Your Father Knows What You Need

Matthew 6:24–34, Part 3

Principle for Bible Reading

God wants to comfort and stabilize the anxious with truth. What truths calm our fears? In Part 1, John Piper identified nine arguments against our anxieties. In Part 2, he covered the first five. In this lab, he covers the last four, and highlights six lessons for Bible reading.

View the outline.


Recap/Introduction (00:00–02:39)

Arguments Against Anxiety from Part 2:

  1. “You Cannot Serve Both God and Money”
  2. “Is Not Life More Than Food?”
  3. “Look At the Birds of the Air . . .”
  4. “Which of You Can Add a Single Hour to His Life?”
  5. “Consider the Lilies of the Field . . .”

6. “The Gentiles Seek After These Things.” (02:39–03:24)

  1. The Gentiles (the nations) are the people who don’t know God, at least not as their Father.
  2. If you’re anxious about what you’ll eat or drink or where, you’re acting like people who do not know God.
  3. This kind of fear and anxiety, therefore, dishonors God, who you do know as your heavenly Father.

7. “Your Heavenly Father Knows You Need Them.” (03:24–04:20)

  1. In God, you have a Father, not just a king or a shepherd).
  2. God also knows every need you have.
  3. Neither of these points would be a great comfort by themself, but the two together should keep you from anxiety about your life.

8. “All These Things Will Be Added to You.” (04:20–05:20)

  1. “These things” refers to all the food, all the drink, all the clothing, and everything else you need.
  2. We know, though, not all Christians have their basic needs. Christians all over die from hunger or thirst or nakedness.
  3. This verse, therefore, does not promise you will not die of hunger or nakedness. It promises that God will give you everything you need now to prepare you for the life to come, the life that lasts.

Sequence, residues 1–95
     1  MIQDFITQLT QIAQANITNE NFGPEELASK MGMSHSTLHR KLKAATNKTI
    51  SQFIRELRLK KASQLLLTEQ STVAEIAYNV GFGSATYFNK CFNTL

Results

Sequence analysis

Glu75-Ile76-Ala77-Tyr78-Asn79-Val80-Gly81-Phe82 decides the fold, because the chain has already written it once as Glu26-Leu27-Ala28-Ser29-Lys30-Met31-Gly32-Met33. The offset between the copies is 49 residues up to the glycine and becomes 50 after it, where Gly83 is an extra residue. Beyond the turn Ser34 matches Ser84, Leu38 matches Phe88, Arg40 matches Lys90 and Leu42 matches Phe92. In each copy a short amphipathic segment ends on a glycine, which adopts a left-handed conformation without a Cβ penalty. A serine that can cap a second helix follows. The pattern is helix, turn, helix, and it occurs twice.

9. “Tomorrow Will Be Anxious for Itself.” (05:20–06:22)

  1. There is trouble for every day, and there will be grace for that trouble every day.
  2. We know there are new mercies every morning (just like there are new troubles every morning). (Lamentations 3:23).
  3. Tomorrow’s troubles are not designed to be dealt with today’s grace. Every day has its sufficient trouble, as well as its sufficient grace.

Lessons for Bible Reading (06:22–11:32)

Lessons from Part 1:

  1. The Bible argues. It gives reasons for things. Its thoughts are linked together.
  2. A unit of thought (or passage) has a main point. Everything else in that unit supports in the main point in some way.
  3. To truly understand a passage we must figure out how the arguments support the main point.

More Lessons:

  1. Jesus assumes that truth affects/influences the emotions.
  2. Truth has its affect on our emotions when it is believed, when we have faith.
  3. Therefore, pray for faith and meditate on his truth.

Study Questions

  1. What are “these things” in Matthew 6:32–33? How can Jesus God will give us all these things when we know Christians die without them every day?
  2. Why do the Gentiles seek after “these things”? According to Matthew 6:32, why is their example a bad one to follow?
  3. Read Lamentations 3:21–23 (with Matthew 6:34). In God’s care and provision, what is the relationship between today’s grace and today’s trouble? What about between today’s grace and tomorrow’s trouble?
Piper: “Tomorrow’s troubles are not designed to be addressed with today’s grace.”